An accident is called an accident for a reason. It is unexpected and unintentional. However, in an insurance claim, there is a guilty party who is the victim of every accident. But how do insurance companies determine who is to blame?
Investigation of the accident
The first step in establishing an accident in an accident is to conduct an investigation. The most important information insurance companies use to investigate the accident is the police reports collected on the spot. This is because the individual claims of each party involved in the accident often contain conflicting information and have personal biases.
Because of the conflicting stories witnessed, insurance companies rely on the police report to conduct their investigations and pinpoint errors. They also use the information from the parties involved, but the police report is the most important piece of evidence as it is unbiased and more believable than a firsthand account.
You can take additional steps to help investigate the claim, such as: B. Providing other evidence. Taking photos of the accident, gathering information from the others involved, and other information you can provide to insurers can help you determine who is to blame.
After an accident, you should never admit that any of the parties involved, the police or the insurance company are at fault. Even if you believe the accident was your fault, there may be other factors that you did not know were the real cause of the accident. Just give the facts and relevant information and let the insurance companies make their own objective conclusions about what happened and who is to blame.
Georgia is a “debtor state” when it comes to auto insurance claims. This means that the culpable driver is responsible for repairs, costs or losses under his insurer’s liability insurance.
However, insurance companies usually determine fault based on the state’s legal definition of negligence. There are three types of negligence that are used to assess failure in a defective state.
1. Severe comparative negligence
In the case of comparative negligence, both parties can be held partially responsible for an accident. In the case of strict comparative negligence, your fault percentage will determine how much compensation you will get from the insurance company. For example, if you are 75% responsible for the accident, you can get compensation for up to 25% of your losses.
2. Modified Comparative Negligence
Some states, including Georgia, use a modified form of comparative negligence that limits your ability to recover losses. In Georgia, this means that an injured person can claim monetary damages as long as they are not responsible for more than 49% of the accident.
3. Pure contributory negligence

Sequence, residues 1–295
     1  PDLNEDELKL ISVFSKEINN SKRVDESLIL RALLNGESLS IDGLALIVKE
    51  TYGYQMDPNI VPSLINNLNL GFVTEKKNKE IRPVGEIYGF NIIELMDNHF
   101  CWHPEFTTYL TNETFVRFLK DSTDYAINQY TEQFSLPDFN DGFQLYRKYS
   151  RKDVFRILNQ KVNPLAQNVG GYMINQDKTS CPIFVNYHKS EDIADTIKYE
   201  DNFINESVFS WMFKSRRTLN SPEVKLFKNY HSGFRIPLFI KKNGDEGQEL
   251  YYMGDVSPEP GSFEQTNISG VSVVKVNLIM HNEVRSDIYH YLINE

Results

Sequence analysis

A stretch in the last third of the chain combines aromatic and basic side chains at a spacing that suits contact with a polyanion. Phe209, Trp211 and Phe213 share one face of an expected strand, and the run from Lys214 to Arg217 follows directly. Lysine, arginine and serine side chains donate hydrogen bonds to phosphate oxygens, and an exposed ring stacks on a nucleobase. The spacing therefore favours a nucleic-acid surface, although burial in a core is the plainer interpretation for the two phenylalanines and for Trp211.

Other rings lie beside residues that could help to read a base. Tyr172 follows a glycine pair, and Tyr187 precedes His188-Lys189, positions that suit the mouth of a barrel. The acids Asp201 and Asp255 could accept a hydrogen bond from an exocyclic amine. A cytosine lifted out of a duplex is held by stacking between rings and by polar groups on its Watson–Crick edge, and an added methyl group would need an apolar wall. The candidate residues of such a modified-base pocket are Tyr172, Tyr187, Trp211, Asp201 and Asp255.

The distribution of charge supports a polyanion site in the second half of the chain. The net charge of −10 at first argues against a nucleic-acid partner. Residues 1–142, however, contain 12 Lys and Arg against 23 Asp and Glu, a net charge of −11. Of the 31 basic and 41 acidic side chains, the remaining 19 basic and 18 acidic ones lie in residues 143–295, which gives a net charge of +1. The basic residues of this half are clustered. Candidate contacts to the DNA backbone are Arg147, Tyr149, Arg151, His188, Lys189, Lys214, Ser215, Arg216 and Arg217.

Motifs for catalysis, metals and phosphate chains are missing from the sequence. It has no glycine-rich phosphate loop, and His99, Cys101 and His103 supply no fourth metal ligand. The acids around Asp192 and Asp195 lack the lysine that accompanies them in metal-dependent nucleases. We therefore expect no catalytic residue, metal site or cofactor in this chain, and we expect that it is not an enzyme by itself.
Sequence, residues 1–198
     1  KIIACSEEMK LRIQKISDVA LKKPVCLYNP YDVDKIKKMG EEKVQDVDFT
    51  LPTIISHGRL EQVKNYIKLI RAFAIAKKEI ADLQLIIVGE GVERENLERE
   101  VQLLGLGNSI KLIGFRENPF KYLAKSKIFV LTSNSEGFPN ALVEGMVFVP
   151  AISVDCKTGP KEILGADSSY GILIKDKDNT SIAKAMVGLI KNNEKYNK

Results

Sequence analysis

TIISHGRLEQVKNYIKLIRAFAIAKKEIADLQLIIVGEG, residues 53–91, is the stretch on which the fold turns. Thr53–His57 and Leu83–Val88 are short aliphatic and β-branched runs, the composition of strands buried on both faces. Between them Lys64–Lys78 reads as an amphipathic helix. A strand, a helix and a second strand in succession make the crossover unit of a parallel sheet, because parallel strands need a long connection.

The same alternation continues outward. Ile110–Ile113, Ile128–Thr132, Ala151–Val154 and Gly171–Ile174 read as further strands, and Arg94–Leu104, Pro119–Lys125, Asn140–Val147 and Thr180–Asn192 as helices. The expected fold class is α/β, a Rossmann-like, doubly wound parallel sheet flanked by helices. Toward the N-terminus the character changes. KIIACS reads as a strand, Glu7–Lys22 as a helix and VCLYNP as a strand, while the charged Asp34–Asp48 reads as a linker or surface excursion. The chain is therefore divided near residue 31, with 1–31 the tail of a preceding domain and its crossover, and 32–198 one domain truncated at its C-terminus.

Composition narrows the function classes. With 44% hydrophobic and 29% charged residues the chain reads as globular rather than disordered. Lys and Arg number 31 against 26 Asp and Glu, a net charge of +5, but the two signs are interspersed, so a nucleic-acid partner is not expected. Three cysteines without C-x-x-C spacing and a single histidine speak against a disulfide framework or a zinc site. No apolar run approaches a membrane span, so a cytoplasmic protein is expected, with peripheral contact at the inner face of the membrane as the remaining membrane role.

This type of negligence requires a driver to be 100% error-free in order to repair any damage. For states with pure contributory negligence, the determination of culpability is all or nothing. Even if you are 5% responsible for the accident, you cannot make any claims for damages.
Identifying a mistake can be a complicated thing, and every accident has its own unique set of circumstances that determine the mistake of your case. If you’ve been injured in an accident and need help navigating the process and getting the compensation you deserve, give the Greathouse Trial Law a call today. We are experts in this process, doing everything we can to achieve the result you deserve.
Why Should You Contact the Greathouse Trial Law?
A lawyer can help you manage all aspects of your claim for damages if your lawyer steps in as soon as possible. Your attorney can help you direct the insurance claim process, manage filing of documents with the insurance company or court, and even prepare your case for trial when that point is reached.
Founded by Atlanta-born attorney and born Riah Greathouse, the Greathouse Trial Law has assisted numerous victims in these situations with all aspects of a claim, from investigating the accident site to exposing the racer’s identity to arguing for the victim’s rights Dish. Arrange a free consultation with our office today at 678-310-2827 to learn more about how to protect your interests and your right to compensation.
Disclaimer: The information in this blog post (“Post”) is for general informational purposes only and may not reflect the current law in your jurisdiction. The information contained in this post should not be construed as legal advice to the individual author or the law firm, nor is it intended as a substitute for legal advice on any particular topic. No reader of this post should act on or dispense with the information contained in or accessible through this post without seeking appropriate legal or other professional advice as to the particular facts and circumstances at hand with an attorney that is approved by the recipient state, state, or other suitable licensing jurisdiction.
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